Which Drugs or Food Interact With HRT?
Hormone replacement therapy (HRT) is used to replace the hormones that are lost at menopause, and to treat the associated symptoms, including hot flushes, vaginal dryness, loss of sex drive, mood changes, stress incontinence, night sweats, bone thinning, back pain and joint pain.
HRT is normally an oestrogen and a progesterone – the progesterone protects against endometrial cancer (cancer of the womb or uterus lining), so may not be included for women who have had a hysterectomy.
In combined HRT, women either take an oestrogen continuously and a progesterone for 10-14 days a month, or take both continuously.
HRT is given in a number of different ways:
- patch – a thin adhesive patch like a plaster, which delivers the hormones through the skin, and is changed once or twice weekly
- oral – tablets similar to the contraceptive pill, taken daily
- cream – delivers hormones through the vaginal walls
- pessary – a capsule that delivers the hormones through the vaginal walls
- troches – a lozenge that dissolves in the mouth
- intrauterine device (IUD) – the hormones are part of an IUD placed in the womb, and are released over five years
- vaginal ring – delivers hormones through the vaginal walls, changed every three months
- gel – delivers the hormones through the skin, used daily
- implants – the hormones are in pellets placed under the skin, and are delivered over six months
What’s in HRT?Drugs used in HRT include:
- oestrogens – conjugated equine estrogens, dienoestrol, ethinyloestradiol, mestranol, micronised oestradiol, oestradiol, oestradiol valerate, oestriol, oestrone, piperazine oestrone sulphate
- progesterones – dydrogesterone, levnorgestrel, medroxyprogesterone acetate, norethisterone (norethindrone), norgestrel
- oestrogen/progesterone mimic – tibolone
What Drugs Interact With HRT?Oestrogens can increase production of natural proteins that bind to thyroid hormones. This means that thyroid hormone replacement therapy may not be as effective.
Oestrogens can reduce the rate that corticosteroids (e.g. prednisone) are broken down in the liver, and so could increase their activity and potentially increase side effects. Oestrogens can also increase the activity and toxicity of cyclosporine, used to prevent organ rejection after transplant. Oestrogens can decrease the activity of aromatase inhibitors (used in breast cancer treatment, including anastrozole and exemestane), by blocking their effects.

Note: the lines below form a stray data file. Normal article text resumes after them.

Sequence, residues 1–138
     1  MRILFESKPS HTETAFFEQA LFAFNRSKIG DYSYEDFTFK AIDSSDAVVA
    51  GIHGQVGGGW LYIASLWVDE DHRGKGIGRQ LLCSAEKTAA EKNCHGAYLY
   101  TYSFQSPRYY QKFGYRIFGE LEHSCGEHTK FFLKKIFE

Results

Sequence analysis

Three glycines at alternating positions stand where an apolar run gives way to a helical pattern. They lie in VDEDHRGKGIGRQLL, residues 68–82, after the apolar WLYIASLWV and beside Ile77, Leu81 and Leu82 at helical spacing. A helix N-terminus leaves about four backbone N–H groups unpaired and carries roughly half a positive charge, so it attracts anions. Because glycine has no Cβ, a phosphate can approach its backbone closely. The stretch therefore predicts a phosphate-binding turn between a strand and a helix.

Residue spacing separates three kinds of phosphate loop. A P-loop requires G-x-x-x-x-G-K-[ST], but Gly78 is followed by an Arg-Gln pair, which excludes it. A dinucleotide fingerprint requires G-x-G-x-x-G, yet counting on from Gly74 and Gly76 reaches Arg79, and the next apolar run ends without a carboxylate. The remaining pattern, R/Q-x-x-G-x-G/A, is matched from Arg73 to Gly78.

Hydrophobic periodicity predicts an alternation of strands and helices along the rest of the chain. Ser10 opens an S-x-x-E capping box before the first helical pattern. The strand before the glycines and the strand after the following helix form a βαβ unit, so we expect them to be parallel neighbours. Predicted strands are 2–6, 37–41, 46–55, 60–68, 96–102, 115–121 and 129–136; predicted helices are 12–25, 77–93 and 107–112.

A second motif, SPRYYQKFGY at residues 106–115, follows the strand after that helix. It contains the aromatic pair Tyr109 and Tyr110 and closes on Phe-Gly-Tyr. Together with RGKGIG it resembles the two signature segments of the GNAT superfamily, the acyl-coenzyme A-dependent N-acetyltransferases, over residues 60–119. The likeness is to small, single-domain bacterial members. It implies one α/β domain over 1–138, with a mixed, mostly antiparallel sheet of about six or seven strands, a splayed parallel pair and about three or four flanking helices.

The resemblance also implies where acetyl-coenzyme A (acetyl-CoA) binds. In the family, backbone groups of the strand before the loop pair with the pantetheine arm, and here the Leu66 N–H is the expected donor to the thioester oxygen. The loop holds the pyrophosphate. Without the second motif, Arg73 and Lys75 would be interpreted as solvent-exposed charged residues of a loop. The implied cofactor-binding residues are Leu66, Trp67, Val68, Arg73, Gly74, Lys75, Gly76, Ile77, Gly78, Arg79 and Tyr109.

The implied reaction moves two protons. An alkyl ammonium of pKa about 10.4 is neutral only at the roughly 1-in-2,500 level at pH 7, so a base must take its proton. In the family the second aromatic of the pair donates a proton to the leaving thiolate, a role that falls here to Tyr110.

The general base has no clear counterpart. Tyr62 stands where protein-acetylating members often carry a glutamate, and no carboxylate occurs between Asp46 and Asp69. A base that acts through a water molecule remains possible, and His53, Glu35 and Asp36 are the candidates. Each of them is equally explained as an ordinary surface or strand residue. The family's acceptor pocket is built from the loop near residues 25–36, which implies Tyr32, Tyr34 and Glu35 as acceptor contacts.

Tibolone can increase the activity of anticoagulants, potentially causing issues with bleeding.
Certain drugs can increase the breakdown of oestrogens, so reducing their activity. These include barbiturates (anti-anxiety drugs, including amobarbital, butalbital, pentobarbital, phenobarbital and secobarbital), rifampicin (used to treat tuberculosis), HIV protease inhibitors (e.g. amprenavir, nelfinavir, ritonavir), and phenytoin and carbamazepine (used to treat epilepsy).
Certain drugs, when used with oestrogens, can cause liver damage – these include paracetamol (high doses over long periods), anabolic steroids (including nandrolone and oxymetholone), divalproex, valproic acid and phenytoin (used in epilepsy), and chlorpromazine, prochlorperazine and thioridazine (anti-anxiety drugs).
NSAIDs (non-steroidal anti-inflammatory drugs, used to treat inflammation and pain) can increase the risk of heart attack in women using HRT.
What Food Interacts With HRT?Oestrogens can interact with the herbs black cohosh and saw palmetto, and the supplement DHEA, a naturally occurring hormone. Black cohosh has oestrogen-like effects. The combination of HRT and DHEA can increase the risk of blood clotting, and increase overall hormone levels.
St John’s wort can increase the breakdown of HRT hormones, as can broccoli, cabbage, Brussels sprouts, red wine, alcohol and cigarette smoke. Grapefruit juice can slow the breakdown of HRT hormones.